Project Teams: Internal: Sonalde Desai, Amaresh Dubey, O.P. Sharma, Amit Thorat, Dinesh Tiwari, Deepa S., and Poonam Dhawan External: Reeve Vanneman and Surajit Baruah, University of Maryland Indias rapid economic growth has raised global interest in its complex society and the way the growth has touched the ordinary citizen. NCAERs work on human development carried out through India Human Development Survey I (IHDS-I) of 41,554 households conducted in 200405 highlights the way in which poverty and affluence intersect with age-old divisions of regional inequalities, gender, caste, and religion that have long characterised human development in India. In 2011, IHDS-II will return to the same households to provide an overview of the changes in different dimensions of their daily lives. Like IHDS-I, this survey too is designed to be a premiere public resource for researchers interested in studying different dimensions of human development in India. Given the vast changes in India since 2005, IHDS-II will provide a multi-topic and multi-purpose source of data for Indian and international research on income, employment, health, education, gender and social inequality. The panel data will allow an exploration of lagged effects as well as better estimation of causal relationships. IHDS-II will permit the analysis of two major government programmes initiated since 2005, the National Rural Employment Guarantee Scheme and the National Rural Health Mission.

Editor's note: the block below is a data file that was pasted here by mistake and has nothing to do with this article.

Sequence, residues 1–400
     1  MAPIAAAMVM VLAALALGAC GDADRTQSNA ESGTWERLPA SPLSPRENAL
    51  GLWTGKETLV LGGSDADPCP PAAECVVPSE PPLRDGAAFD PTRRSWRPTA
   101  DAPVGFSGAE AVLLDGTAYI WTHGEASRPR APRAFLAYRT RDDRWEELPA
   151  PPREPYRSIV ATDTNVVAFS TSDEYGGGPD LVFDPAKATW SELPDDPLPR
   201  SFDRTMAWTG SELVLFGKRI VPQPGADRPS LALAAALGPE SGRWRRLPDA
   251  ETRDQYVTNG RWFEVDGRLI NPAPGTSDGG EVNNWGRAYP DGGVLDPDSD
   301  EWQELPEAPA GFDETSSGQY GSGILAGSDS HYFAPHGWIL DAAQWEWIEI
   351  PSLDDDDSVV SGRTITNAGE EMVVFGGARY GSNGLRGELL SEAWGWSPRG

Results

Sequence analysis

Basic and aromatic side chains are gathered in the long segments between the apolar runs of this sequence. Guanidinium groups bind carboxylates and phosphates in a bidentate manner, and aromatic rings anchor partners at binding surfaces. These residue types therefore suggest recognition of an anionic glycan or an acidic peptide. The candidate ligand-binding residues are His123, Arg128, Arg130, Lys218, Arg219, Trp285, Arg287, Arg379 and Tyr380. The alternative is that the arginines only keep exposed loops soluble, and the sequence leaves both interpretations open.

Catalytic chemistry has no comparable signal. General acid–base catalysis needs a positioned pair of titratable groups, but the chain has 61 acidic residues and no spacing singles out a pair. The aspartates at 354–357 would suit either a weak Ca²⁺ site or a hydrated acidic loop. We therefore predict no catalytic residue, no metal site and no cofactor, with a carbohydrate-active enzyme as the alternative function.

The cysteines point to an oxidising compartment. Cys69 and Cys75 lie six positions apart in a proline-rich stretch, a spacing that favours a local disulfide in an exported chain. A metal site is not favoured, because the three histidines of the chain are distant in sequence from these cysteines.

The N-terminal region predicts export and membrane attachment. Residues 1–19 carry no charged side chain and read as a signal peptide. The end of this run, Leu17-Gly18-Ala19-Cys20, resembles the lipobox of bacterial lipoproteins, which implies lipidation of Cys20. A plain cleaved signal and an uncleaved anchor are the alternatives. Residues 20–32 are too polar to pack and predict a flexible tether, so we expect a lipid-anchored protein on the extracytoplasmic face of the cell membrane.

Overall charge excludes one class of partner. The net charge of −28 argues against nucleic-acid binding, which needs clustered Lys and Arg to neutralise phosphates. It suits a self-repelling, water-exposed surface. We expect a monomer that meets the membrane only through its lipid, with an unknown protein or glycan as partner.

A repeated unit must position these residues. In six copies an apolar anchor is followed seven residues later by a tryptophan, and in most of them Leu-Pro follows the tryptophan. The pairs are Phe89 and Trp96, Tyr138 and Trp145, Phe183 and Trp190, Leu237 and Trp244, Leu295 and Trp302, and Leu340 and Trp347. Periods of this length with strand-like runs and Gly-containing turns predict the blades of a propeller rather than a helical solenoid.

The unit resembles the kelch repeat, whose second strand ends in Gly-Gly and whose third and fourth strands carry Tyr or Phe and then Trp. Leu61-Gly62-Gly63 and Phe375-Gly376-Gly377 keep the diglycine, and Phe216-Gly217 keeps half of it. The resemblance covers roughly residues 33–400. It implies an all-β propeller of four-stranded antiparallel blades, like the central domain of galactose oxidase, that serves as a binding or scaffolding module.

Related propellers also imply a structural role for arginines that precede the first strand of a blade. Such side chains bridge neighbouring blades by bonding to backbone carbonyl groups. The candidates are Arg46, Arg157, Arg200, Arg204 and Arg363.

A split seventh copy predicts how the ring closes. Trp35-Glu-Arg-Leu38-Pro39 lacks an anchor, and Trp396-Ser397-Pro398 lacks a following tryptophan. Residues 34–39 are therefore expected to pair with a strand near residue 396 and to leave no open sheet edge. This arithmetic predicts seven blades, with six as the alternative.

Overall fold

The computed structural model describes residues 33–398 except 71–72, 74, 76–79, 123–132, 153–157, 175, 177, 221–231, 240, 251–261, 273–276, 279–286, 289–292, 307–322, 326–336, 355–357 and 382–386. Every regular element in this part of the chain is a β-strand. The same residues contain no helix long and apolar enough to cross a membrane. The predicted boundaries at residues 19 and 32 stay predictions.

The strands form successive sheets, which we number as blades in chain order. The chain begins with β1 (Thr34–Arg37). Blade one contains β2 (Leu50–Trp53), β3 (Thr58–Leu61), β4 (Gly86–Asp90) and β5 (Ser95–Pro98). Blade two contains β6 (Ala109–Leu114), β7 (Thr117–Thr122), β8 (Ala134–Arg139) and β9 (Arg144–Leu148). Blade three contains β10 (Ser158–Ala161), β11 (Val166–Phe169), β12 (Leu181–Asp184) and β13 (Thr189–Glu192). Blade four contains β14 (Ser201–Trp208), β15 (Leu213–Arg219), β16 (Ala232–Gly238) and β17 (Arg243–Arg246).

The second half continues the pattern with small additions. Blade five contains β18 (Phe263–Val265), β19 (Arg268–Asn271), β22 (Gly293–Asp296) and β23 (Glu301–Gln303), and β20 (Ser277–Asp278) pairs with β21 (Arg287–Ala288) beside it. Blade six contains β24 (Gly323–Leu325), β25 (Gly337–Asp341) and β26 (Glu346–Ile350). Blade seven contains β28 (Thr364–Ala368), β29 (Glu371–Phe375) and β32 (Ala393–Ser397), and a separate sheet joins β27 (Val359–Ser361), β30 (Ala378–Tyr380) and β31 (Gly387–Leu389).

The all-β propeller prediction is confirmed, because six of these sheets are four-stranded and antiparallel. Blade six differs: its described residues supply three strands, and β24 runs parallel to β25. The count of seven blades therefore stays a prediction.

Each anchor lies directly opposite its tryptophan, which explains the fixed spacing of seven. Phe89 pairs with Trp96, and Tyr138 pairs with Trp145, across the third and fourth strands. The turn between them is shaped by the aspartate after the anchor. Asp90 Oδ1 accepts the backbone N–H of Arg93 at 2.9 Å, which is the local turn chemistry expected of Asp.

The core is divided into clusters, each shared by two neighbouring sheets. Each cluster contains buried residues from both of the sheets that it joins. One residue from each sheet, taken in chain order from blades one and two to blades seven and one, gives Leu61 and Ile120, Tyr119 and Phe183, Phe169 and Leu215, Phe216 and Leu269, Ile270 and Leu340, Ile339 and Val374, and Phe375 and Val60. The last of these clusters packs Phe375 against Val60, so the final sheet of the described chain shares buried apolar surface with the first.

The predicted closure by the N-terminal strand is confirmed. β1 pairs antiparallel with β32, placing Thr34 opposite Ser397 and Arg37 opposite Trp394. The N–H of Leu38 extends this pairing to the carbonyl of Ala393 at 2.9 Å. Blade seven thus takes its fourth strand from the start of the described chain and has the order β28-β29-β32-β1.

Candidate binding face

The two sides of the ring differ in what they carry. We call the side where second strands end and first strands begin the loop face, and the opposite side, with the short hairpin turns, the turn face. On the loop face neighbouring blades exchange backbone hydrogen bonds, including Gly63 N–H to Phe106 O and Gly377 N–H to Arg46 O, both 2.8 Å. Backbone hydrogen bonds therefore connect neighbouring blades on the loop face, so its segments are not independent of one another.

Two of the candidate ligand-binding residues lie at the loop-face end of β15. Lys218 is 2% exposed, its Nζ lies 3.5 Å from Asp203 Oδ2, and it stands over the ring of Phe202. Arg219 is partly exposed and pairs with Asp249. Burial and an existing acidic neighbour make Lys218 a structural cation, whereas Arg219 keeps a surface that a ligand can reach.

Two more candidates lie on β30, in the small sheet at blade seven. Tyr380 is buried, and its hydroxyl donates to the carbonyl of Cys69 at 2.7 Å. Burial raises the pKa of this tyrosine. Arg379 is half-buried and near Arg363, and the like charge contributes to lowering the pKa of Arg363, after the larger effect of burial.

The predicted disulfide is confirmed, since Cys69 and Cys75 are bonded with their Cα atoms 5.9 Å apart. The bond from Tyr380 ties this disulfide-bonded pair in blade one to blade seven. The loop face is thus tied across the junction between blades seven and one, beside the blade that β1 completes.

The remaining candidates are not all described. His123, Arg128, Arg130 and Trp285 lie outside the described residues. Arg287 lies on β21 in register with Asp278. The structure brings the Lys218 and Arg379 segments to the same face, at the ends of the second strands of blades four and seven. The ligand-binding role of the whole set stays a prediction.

Project Teams: Internal: Sonalde Desai, Amaresh Dubey, O.P. Sharma, Amit Thorat, Dinesh Tiwari, Deepa S., and Poonam Dhawan External: Reeve Vanneman and Surajit Baruah, University of Maryland The second stage of IHDS will expand its focus to include youth. This project will interview about 17,000 youth aged between 15 and 18 who were first interviewed in 200405 at ages 8 to 11 in IHDS-I. This project will examine the role of family, communities and social institutions in shaping the nature and timing of transition to adulthood as youths mature, complete their education, enter the workforce and enter into marriage and parenthood. The first phase of this research included indepth interviews with young people and their families and has highlighted growing diversity in education and vocational training and will form a major focus of the survey.